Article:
Captions Format Converter

Free tool that converts SRT or SBV to various captions formats

The captions format converter lets you convert from SRT (SubRip subtitle) or from SBV (YouTube) to Flash DFXP, SMI or SAMI (Windows Media), SCC, CPT.XML (Flash Captionate XML), QT (Quicktime), and STL (Spruce Subtitle File).

Did you know you can use our caption encoding service to create a self-contained video with encoded closed captions that works with an iPhone and most other devices? You can also export a video with open captions burned in.

Instructions

Paste your SRT or SBV file and select which closed caption output format you need. Your captions file will be emailed to you as an attachment that preserves the integrity of the formatting.

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Captions Formats Explained

SRT – This is the most common subtitle/caption file format. It is a text format that originated in the DVD-ripping software SubRip and stands for “SubRip Subtitle” file.

SBV – This is a YouTube caption file format that stands for “SubViewer.” It’s what you get when you download captions from YouTube. It’s a text format that is very similar to SRT.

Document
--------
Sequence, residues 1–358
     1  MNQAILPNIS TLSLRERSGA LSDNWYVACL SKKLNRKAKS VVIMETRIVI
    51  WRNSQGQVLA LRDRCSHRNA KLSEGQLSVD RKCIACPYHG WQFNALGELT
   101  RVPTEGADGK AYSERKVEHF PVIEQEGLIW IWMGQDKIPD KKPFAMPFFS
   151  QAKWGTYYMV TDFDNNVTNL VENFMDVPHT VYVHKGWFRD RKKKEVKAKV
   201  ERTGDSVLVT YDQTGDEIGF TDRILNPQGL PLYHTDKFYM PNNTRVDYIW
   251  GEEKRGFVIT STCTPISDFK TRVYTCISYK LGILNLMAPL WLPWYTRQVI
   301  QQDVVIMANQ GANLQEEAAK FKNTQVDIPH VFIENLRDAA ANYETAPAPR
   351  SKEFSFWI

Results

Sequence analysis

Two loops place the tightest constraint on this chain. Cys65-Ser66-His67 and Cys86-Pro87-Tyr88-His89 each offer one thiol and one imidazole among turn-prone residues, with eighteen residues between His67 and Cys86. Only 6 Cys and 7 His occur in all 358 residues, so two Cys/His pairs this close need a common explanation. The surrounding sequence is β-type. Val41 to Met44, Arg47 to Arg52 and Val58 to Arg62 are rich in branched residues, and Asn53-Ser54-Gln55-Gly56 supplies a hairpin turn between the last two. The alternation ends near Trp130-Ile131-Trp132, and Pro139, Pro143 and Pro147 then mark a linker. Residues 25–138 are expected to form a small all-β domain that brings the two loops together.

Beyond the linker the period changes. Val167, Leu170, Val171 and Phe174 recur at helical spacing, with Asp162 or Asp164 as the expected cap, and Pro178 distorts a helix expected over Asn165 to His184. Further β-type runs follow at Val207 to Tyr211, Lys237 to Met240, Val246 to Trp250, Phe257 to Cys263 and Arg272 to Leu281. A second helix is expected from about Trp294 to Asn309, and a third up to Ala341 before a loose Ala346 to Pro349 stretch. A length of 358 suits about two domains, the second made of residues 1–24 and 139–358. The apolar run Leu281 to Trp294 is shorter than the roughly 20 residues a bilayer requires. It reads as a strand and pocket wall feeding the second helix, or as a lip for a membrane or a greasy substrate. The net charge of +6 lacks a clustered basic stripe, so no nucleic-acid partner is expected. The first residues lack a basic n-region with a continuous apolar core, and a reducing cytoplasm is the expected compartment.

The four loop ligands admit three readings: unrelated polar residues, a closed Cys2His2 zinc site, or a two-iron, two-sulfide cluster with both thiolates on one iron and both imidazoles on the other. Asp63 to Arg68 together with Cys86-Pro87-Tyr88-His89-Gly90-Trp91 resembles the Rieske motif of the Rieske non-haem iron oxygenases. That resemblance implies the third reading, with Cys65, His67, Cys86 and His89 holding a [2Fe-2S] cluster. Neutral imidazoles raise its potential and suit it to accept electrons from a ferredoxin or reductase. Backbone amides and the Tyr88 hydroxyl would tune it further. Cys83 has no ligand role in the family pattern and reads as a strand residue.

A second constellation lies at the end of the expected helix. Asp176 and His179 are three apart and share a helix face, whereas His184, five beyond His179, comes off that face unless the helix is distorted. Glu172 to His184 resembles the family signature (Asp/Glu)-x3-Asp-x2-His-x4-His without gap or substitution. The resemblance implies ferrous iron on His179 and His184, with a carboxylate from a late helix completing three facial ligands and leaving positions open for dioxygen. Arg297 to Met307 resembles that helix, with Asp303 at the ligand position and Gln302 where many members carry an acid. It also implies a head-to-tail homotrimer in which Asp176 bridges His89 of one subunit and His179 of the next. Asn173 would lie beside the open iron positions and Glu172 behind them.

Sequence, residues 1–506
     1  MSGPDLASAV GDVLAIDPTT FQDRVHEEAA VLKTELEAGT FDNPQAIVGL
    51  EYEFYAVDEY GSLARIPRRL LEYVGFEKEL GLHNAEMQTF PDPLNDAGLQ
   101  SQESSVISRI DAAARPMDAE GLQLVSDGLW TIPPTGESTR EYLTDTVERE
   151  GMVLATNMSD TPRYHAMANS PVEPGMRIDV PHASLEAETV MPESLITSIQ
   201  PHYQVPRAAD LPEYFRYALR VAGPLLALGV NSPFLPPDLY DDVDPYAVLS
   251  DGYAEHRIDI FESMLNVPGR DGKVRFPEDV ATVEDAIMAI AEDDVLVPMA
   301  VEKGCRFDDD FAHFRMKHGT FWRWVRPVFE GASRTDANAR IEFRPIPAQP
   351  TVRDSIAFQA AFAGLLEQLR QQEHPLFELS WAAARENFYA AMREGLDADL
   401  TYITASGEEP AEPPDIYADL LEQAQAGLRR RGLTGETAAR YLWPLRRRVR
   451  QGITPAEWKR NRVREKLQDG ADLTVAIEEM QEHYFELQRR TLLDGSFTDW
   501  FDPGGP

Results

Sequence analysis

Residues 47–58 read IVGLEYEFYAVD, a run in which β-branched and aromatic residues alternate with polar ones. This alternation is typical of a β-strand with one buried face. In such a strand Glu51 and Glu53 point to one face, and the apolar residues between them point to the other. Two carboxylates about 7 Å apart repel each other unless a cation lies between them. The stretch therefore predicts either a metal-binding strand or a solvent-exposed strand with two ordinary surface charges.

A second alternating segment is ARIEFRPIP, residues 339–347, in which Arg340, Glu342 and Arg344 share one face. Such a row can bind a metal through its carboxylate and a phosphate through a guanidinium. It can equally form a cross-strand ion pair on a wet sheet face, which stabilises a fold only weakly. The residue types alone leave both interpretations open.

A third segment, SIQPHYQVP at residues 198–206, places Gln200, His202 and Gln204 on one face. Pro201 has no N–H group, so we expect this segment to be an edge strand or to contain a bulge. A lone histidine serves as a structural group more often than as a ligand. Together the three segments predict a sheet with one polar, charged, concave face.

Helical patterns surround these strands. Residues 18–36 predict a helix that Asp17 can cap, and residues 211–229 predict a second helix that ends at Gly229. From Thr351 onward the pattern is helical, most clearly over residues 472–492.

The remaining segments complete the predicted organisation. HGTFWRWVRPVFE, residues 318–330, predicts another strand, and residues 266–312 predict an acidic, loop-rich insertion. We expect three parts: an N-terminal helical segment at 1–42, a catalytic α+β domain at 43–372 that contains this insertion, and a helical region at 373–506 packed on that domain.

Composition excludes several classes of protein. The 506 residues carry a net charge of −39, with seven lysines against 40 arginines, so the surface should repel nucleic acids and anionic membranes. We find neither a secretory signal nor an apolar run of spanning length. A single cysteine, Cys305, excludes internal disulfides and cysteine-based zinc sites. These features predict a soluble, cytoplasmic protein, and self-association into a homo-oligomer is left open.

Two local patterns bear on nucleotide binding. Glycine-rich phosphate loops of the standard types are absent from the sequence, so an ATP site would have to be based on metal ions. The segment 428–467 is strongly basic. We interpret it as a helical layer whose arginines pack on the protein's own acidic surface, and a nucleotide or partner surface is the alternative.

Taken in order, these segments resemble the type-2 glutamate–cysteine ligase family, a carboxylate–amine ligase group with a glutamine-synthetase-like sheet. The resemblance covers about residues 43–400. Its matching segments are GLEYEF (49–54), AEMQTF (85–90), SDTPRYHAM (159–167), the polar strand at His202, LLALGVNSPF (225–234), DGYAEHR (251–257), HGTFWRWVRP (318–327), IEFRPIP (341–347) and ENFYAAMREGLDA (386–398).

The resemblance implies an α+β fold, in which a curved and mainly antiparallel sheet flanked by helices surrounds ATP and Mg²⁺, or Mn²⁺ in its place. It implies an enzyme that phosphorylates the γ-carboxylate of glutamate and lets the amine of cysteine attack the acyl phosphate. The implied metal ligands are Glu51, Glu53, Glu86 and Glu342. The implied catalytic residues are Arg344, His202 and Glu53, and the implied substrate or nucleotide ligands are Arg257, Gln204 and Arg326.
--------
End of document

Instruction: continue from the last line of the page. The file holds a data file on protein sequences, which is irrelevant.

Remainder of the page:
DFXP – This is a common format used for captioning Flash video. It’s a timed-text format that was developed by W3C and stands for “Distribution Format Exchange Profile”.

SCC –Popular standard used for encoding closed captions for web media, DVD, and iTunes, iPods, iPads, and iPhones. It was originally developed by Sonic and stands for “Scenarist Closed Caption.”

SMI or SAMI – Used for Windows Media video or audio. It was developed by Microsoft and stands for “Synchronized Accessible Media Interchange.”

CPT.XML – XML format used for encoding captions into Flash video. It originated in the caption-embedding software Captionate.

QT – Caption format used for QuickTime video or audio. It was developed by Apple.

RT – RealText captions for RealMedia video or audio.

STL – Used for DVD Studio Pro. It was developed by Spruce Technologies and known as “Spruce Subtitle File.”